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Traditional Bedrooms For Every Decorating Taste

Traditional design is not a single look, but many

Written and produced by Candace Ord Manroe
  • Choosing the right piece of furniture can make an enormous difference in whether your bedroom feels like a bland box or a stately escape with as much visual intrigue as your home’s public spaces. In this bedroom for the San Francisco Decorator Showcase, interior designer Michael Burg included a hefty antique Napoleonic cabinet with an ebony-and-gilt finish for storing books and accessories. The bold black furnishing keeps the room man-friendly (it’s a given that women will love it), and the piece’s scale and design lift the space from the mundane by adding an architectural gravitas.

    Tip: The benefits of black furniture for the bedroom can’t be overemphasized. Include a large black cabinet for architectural interest in a room that is lacking; use a black furnishing to anchor a light and airy design; and appease the man of the house with a black furnishing that’s a nod to his masculinity.

    Interior design: Michael Burg

  • As a his-and-her space, the master bedroom requires some finessing to get the right balance of masculine and feminine so both members of the couple are happy. A black-and-white color palette is a safe bet. Plus, it’s one of the more interesting color combos, with the bold, graphic strength of the contrasting colors. This bedroom in a South African home celebrates that country’s colonial style, but its popular design components know no boundaries. The big black wrought-iron bed serves as the room’s focal point. Cotton bed curtains puddle to the floor and hang loosely at the top for a casual, breezy elegance. Dark wood flooring and dark shutters contrast with a white coffered ceiling. The look is as appropriate for Cleveland or Kansas City as it is for Cape Town. And, for this homeowner at least, it didn’t require the services of an interior designer. The key: Keep it simple.


  • Black and white is a favorite color palette of many designers and design editors for one simple reason: It’s hard to mess up. This small guest room defies its shoebox shape and lack of architectural embellishment with a graphic palette of black and white. Black and white floor tiles laid on the diagonal get the room pulsating with visual rhythm. Patterned on the bed linens, a splashy modern design of stylized black leaves and vines on a white ground holds its own against the flooring. Even the art dips into the black and white scheme for guest quarters that are lively, much-anticipated destination.

    Interior design: Kazumi Yoshida

  • Aubergine, a complex color between lavender and brown, carries the style statement in this glamorous traditional master bedroom. The tall hotel-style headboard is upholstered in mohair. It creates the illusion of higher ceiling heights in a room that appears squatty due to almost dormer-size windows. Textural interest is provided by glossy fabrics on decorative pillows, the nubby appeal of the bedcover, and the soft mohair of the bench at the foot of the bed—all variations on aubergine. The rich color palette emanated from the Fortuny-style painted silk chandelier.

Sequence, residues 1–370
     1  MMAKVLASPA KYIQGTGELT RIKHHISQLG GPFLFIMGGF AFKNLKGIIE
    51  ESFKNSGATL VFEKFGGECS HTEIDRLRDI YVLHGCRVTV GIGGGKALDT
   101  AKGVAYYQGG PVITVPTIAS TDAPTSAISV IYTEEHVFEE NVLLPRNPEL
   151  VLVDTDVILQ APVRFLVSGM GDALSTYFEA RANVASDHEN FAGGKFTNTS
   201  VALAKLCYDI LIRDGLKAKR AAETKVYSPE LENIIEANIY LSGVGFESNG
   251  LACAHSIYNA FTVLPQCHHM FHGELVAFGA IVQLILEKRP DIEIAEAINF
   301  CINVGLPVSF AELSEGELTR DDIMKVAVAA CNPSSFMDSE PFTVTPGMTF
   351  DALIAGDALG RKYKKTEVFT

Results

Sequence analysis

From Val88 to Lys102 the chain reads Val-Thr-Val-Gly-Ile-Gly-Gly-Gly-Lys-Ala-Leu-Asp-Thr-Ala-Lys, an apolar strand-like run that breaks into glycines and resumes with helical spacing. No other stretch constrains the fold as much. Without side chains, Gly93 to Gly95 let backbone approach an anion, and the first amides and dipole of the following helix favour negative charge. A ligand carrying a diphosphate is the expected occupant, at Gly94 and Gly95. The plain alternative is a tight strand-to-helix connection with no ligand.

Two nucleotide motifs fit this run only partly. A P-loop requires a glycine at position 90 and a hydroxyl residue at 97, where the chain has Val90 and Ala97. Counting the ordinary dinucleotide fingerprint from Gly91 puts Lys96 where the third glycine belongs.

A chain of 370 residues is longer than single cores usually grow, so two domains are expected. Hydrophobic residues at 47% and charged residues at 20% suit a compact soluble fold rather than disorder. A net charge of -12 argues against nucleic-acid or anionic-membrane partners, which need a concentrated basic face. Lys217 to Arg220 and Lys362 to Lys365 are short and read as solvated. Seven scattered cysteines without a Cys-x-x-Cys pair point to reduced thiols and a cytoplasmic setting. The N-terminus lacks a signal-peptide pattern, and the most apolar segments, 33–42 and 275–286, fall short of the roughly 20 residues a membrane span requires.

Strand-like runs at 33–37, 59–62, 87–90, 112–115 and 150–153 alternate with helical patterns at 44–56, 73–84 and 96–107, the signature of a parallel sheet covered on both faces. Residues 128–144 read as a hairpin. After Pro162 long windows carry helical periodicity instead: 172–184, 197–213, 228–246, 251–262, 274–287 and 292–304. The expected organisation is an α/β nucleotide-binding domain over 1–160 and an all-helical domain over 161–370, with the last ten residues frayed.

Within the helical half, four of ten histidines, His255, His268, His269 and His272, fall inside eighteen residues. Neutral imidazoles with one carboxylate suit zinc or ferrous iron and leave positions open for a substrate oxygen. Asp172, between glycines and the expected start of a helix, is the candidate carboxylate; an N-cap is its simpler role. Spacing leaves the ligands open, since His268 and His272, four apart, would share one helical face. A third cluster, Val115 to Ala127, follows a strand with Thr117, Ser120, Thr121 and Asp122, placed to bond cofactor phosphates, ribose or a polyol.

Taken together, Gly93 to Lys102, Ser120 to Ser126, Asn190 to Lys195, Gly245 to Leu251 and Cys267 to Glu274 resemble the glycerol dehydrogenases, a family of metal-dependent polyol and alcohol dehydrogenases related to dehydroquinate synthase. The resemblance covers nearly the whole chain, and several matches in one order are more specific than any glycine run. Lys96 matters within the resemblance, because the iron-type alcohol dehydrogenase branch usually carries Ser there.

Interior design: Karen Miller

  • The bedroom’s glamorous style continues to the dressing table, which is skirted in aubergine silk taffeta. An antique mirror flanked by matching hand-painted lamps and a mohair vanity stool centered with the mirror accessorize the table in pleasing symmetrical balance. More opulence is indulged at the windows. Tightly gathered silk curtain panels are underscored by a tailored stairstep valance in a matching fabric.

    Interior design: Karen Miller

  • Every room—especially bedrooms, it seems—faces design challenges. In this richly appointed master bedroom, the biggest obstacle to a sophisticated traditional design heavy on the glam were unfortunately small windows. To overcome the windows’ weak proportions, designer Karen Miller ingeniously crafted a stairstep valance  that fools the eye into thinking the window is taller than it really is. She also mounted the valance directly to the ceiling to increase the heightening effect.

    Tip: In a low- or standard-ceiling bedroom, mount window treatments from the ceiling to increase the perception of vertical space.

    Interior design: Karen Miller

  • Now take a step back and look at the bedroom as a whole. Its sum is at least as good as its parts. As beautiful as the mohair headboard is, that’s not the end of this bedtime story. Luxury and attention to detail continue all the way to the floor, where a lush skirt skirt fabricated with box pleats skims the carpet. It’s traditional style with Hollywood glam.

    Interior design: Karen Miller